Participants at the Nairobi conference regretted that although the Organization of African Unity's OAU Charter on the Rights and Welfare of the Child outlaws recruitment of children into the armed forces, it was not explicit on intervention measures in cases where it is breached.

A 1998 report prepared by the Forum for African Women Educationalists FAWE on Gender, Conflict and Development, with particular focus on the Great Lakes Region says that in situations of conflict (war) as has happened in Rwanda, Burundi, and now the Democratic Republic of Congo DRC, children and women who in most cases suffer most during conflicts between states or ethnic groups, have been turned into sparring objects.

FAWE's report says that antagonists in conflicts use rape not only as a weapon of violence against women, especially young girls, but as a tool of aggression aimed at humiliating the enemy nation or community.

During the ethnic clashes in Kenya, NCCK's report has documented instances where mothers were raped in the presence of their children and boys sodomised while their parents watched.

The ANPPCAN-Kenya and Uganda Chapters say that although the UN has conventions that are intended to guard against forced service for children in the armed forces, governments in the Horn of Africa and Great Lakes Region have been slow in enacting laws that protect children in situations of armed conflict.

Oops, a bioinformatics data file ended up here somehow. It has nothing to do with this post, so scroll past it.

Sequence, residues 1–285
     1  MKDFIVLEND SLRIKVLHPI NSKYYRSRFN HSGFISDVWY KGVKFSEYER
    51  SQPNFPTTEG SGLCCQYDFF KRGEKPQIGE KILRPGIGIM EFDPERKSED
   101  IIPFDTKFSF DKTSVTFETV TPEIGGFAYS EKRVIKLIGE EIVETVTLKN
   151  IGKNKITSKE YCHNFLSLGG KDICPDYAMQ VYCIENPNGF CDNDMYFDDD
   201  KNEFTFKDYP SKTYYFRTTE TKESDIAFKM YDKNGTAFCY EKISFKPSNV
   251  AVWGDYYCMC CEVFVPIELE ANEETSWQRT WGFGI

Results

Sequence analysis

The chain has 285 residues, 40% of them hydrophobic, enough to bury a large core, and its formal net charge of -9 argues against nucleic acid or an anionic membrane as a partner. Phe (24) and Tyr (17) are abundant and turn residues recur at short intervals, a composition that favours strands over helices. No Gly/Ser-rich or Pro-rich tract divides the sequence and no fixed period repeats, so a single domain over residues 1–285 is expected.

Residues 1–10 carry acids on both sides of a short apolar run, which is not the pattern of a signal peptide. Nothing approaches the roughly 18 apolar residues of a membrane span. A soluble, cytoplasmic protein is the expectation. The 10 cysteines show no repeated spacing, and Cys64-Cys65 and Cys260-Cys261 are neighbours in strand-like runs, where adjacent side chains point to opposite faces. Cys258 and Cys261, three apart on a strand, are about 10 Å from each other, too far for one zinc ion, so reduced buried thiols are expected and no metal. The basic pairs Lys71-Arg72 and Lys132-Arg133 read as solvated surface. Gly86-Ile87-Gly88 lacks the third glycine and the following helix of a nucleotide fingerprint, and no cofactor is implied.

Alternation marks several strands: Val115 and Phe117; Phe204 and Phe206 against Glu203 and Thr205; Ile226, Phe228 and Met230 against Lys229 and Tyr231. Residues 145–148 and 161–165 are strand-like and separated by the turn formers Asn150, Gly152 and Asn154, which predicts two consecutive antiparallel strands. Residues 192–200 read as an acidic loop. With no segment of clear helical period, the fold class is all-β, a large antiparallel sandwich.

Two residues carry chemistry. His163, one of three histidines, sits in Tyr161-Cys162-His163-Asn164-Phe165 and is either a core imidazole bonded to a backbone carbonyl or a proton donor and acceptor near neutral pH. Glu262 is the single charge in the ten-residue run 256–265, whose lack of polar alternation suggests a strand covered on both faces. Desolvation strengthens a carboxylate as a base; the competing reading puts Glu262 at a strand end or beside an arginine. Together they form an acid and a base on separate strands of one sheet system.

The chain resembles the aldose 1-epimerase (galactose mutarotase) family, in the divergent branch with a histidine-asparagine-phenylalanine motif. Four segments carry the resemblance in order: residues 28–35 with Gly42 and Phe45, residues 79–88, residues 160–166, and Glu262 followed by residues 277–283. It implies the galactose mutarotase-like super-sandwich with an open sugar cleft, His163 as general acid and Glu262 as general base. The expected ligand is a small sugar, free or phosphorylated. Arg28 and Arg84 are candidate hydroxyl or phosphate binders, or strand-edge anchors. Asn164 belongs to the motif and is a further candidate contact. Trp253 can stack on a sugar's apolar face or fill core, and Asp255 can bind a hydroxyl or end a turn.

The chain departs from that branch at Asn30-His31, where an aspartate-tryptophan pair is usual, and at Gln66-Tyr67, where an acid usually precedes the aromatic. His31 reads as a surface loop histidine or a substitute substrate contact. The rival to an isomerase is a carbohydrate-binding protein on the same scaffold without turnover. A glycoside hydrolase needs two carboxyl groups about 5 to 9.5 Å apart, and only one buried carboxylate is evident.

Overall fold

The International Labour Organization ILO interprets child serviced in the armed forces as child labour. The UN Convention on the Rights of Children CRC which became international law in 1990 criminalises any acts that would deprive a child of liberty, exploitation and, discrimination in whatever form. However, like the OAU Charter, it leaves it to the discretion of individual states to effect legislation to guard against child abuse.

The CRC does not even provide for penalties to be incurred in the event of a state, organisation being guilty of the offence of abduction of children into the armed force.

Despite Kenya ratifying the CRC, the ANPPCAN-Kenya and Uganda have expressed disappointment that the two governments are yet to go past rhetoric.

In Kenya, a Bill on children's rights was rushed in and out of parliament before it was read and understood by parliamentarians who claimed it was incomprehensive. According to Lee Muthoga, the chairman of ANPPCAN-Kenya Chapter, the delay in transforming the bill into law by parliament has shot down progress to realisation of children's rights.

The status of children in war prone countries - Uganda, Rwanda, Burundi, Eritrea, Somalia, Ethiopia - and the roles inadvertently ascribed such as 'cannon fodder' (for children on actual war fronts) does not seem to promise better days for people aged under 18 years, the UN age limit a child.

Charles Khamala, a lawyer in Nairobi, notes that countries in the region do not have laws that protect refugee children. The refugee children have for years been known to provide cheap labour in the host countries.

Khamala maintains that the continued delay in the implementation of the UN conventions has undermined the status of children in situations of conflict. He says children are discriminated against on the basis of age by other forms of law.